Swiss prosecutors have opened a criminal investigation into Sepp Blatter, the head of football’s world governing body Fifa.
The attorney general’s office said he was being investigated “on suspicion of criminal mismanagement as well as – alternatively – on suspicion of misappropriation”.
Mr Blatter was being questioned, and his office was searched, it added.
Fifa said it was co-operating with the investigation.
Mr Blatter, 79, has run Fifa since 1998 and has always denied any wrongdoing.
The Swiss attorney general’s office said the investigation surrounds a TV rights deal Mr Blatter signed with former Caribbean football chief Jack Warner in 2005.
Mr Blatter is also suspected of making a “disloyal payment” of two million Swiss francs ($2m; £1.3m) in 2011 to Michel Platini, the head of the European football body Uefa, the statement said.
It said the payment was “at the expense of Fifa, which was allegedly made for work performed between January 1999 and June 2002”.
Mr Blatter is due to step down in February. Mr Platini is widely expected to replace him.
Analysis by BBC sports editor Dan Roan
Ever since May, when the arrest of senior Fifa officials in dawn raids in Zurich plunged world football’s governing body into crisis, the sport has wondered whether the scandal would lead directly to President Sepp Blatter.
Today – finally – it did. On the one hand, perhaps it should come as no surprise.
After all, Mr Blatter has been at the helm of Fifa for 17 years. He’s become symbolic of the many corruption allegations that have blighted the body and some thought it a matter of time until investigations by the FBI and Swiss criminal authorities would implicate him.
In fact, such was the perceived threat facing Mr Blatter that his lawyers advised him not to travel abroad.
However, this is still a stunning development, with criminal proceedings opened against the man who still runs world football.
Although Mr Blatter announced he was stepping down back in June, he decided to hang on as president until February in a bid to influence the choice of his successor and reforms. That now seems highly unlikely, with calls for him to resign immediately bound to intensify.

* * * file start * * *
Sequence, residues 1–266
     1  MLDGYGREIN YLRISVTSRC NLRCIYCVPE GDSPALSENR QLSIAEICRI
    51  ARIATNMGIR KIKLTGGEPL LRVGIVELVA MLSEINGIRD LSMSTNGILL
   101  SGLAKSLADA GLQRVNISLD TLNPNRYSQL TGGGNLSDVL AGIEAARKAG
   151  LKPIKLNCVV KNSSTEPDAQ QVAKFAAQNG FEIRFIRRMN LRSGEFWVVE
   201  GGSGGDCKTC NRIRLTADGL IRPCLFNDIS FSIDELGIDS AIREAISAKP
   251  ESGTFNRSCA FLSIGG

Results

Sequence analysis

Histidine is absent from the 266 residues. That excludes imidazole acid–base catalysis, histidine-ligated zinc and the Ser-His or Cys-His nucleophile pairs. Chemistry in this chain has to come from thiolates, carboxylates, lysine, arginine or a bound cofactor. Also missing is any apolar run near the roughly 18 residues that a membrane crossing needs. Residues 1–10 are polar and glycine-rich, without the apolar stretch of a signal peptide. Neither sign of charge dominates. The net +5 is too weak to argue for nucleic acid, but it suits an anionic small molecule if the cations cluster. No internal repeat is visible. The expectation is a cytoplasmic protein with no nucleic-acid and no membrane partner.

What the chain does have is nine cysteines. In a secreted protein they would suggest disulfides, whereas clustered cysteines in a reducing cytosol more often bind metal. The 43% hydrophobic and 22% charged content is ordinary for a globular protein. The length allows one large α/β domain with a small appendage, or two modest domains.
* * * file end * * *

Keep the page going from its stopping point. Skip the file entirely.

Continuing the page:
In May, Swiss authorities arrested seven Fifa officials in Zurich at the request of the US. They face extradition.
The US then unveiled indictments against seven other people in their corruption case, nine of whom are high-ranking officials. The Swiss then opened their own investigation into Fifa, hours after the initial arrests.
Mr Blatter won a fifth consecutive Fifa presidential election on 29 May but, following claims of corruption, announced his decision to step down on 2 June. He is due to finish his term at a Fifa extraordinary congress on 26 February.
Fifa cancelled its news conference on Friday only minutes before it was due to start.
Mr Blatter would have been speaking in public for the first time since general secretary Jerome Valcke was suspended last week amid allegations regarding ticket sales at the 2014 World Cup.
Newspaper reports implicated Mr Valcke, 54, in a scheme to sell tickets for above face value.
Mr Valcke, who describes the allegations as “fabricated”, has been released from his duties pending an investigation.
Fifa also announced earlier that it had moved its next executive committee meeting from Tokyo to Zurich.
Correspondents say that, although Mr Blatter has not been indicted, he might be more vulnerable to an extradition request outside of Switzerland.